COVID-19

Trump suspends travel from Europe to U.S. for 30 days

Associated Press Mar 12, 2020
President Trump addresses the nation from the Oval Office about the widening COVID-19 crisis on March 11, 2020 in Washington. Doug Mills — Pool/Getty Images
COVID-19

Trump suspends travel from Europe to U.S. for 30 days

Associated Press Mar 12, 2020
President Trump addresses the nation from the Oval Office about the widening COVID-19 crisis on March 11, 2020 in Washington. Doug Mills — Pool/Getty Images

President Donald Trump says he is suspending travel from over two dozen European countries to the U.S. for 30 days beginning Friday as he seeks to combat a viral pandemic. Trump made the announcement Wednesday in an Oval Office address to the nation, blaming the European Union for not acting quickly enough to address the novel coronavirus and saying U.S. clusters were “seeded” by European travelers.

Trump says the restrictions won’t apply to the United Kingdom, and the U.S. will monitor the situation to determine if travel can be reopened earlier. The White House has also canceled a planned trip by the president to Nevada and Colorado this week, “out of an abundance of caution.”

Stock futures are pointing to more losses in U.S. stock markets Thursday with Trump’s speech appearing to disappoint investors. Shares tumbled in Europe and Asia after the World Health Organization declared a coronavirus pandemic and the Dow Jones Industrial Average fell into bear market territory. Thailand’s exchange halted trading for a half-hour after the benchmark hit its 10% limit down. Benchmarks in Paris, London and Frankfurt all opened more than 5% lower.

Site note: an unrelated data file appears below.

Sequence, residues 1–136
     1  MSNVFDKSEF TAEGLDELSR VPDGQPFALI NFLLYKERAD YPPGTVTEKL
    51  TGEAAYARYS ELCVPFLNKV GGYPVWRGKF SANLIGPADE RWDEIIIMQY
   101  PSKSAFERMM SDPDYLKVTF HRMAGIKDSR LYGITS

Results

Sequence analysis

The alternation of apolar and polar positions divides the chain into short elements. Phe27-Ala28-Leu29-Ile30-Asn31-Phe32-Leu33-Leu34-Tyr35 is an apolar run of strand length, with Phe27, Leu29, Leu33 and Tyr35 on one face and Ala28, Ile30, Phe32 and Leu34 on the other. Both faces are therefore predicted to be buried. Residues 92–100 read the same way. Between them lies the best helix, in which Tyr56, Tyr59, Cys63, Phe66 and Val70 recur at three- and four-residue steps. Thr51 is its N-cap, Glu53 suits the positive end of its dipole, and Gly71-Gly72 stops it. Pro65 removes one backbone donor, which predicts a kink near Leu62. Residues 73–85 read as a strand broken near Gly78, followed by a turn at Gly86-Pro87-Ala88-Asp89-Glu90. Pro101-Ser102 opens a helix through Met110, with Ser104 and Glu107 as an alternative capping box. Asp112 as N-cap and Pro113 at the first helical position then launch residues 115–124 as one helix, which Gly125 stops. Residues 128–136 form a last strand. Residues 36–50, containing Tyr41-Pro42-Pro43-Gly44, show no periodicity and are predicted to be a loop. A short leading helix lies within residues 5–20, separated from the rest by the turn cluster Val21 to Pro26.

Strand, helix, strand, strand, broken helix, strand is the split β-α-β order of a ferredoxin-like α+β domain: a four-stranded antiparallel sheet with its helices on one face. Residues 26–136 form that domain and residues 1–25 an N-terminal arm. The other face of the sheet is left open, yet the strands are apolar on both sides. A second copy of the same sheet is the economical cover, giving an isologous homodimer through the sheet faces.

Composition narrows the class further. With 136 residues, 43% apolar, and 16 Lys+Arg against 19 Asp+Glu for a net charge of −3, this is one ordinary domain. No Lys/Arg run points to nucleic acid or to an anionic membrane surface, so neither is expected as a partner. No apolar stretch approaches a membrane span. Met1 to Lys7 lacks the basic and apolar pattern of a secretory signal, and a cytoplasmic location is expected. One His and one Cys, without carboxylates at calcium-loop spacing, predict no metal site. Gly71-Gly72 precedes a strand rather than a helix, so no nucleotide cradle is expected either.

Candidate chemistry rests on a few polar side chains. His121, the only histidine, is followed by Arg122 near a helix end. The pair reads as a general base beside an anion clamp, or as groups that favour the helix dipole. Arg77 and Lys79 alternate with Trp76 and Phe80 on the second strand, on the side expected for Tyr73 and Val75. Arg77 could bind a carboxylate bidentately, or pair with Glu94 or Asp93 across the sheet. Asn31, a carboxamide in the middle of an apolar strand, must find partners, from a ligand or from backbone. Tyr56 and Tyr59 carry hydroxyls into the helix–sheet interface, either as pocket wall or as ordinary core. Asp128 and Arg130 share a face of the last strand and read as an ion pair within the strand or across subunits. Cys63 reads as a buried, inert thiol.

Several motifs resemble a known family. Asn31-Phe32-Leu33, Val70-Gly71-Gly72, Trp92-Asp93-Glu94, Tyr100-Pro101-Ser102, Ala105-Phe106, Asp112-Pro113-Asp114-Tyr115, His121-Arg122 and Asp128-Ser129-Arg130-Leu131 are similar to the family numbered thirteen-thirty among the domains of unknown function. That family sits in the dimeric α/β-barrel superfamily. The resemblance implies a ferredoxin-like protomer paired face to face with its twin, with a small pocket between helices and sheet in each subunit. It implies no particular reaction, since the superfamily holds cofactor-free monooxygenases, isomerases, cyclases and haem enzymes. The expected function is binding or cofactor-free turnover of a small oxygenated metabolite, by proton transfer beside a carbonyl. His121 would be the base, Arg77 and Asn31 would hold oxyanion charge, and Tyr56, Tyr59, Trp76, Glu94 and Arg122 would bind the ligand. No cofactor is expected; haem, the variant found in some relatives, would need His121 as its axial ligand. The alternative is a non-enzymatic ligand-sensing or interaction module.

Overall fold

Futures for the S&P 500 moved from a loss of 0.4% just before Trump spoke from the Oval Office at 9 p.m. EST to a loss of 3.3% an hour later. Futures for the Dow Jones Industrial Average were showing a drop of 3.5%.

The declines in the futures markets follow steep losses in regular trading Wednesday as investors become increasingly worried that responses from government and central banks will be insufficient to prevent the outbreak from severely impacting the global economy. The Dow’s drop of 1,464 points dragged it 20% below the record set last month.

COVID-19 Economy FAQs

Are states ready to roll out COVID-19 vaccines?

Claire Hannan, executive director of the nonprofit Association of Immunization Managers, which represents state health officials, said states have been making good progress in their preparations. And we could have several vaccines pretty soon. But states still need more funding, she said. Hannan doesn’t think a lack of additional funding would hold up distribution initially, but it could cause problems down the road. “It’s really worrisome that Congress may not pass funding or that there’s information circulating saying that states don’t need additional funding,” she said.

How is the service industry dealing with the return of coronavirus restrictions?

Without another round of something like the Paycheck Protection Program, which kept a lot of businesses afloat during the pandemic’s early stages, the outlook is bleak for places like restaurants. Some in the San Francisco Bay Area, for example, only got one week of indoor dining back before cases rose and restrictions went back into effect. Restaurant owners are revamping their business models in an effort to survive while waiting to see if they’ll be able to get more aid.

How are hospitals handling the nationwide surge in COVID-19 cases?

As the pandemic surges and more medical professionals themselves are coming down with COVID, nearly 1 in 5 hospitals in the country report having a critical shortage of staff, according to data from the Department of Health and Human Services. One of the knock-on effects of staff shortages is that people who have other medical needs are being asked to wait.

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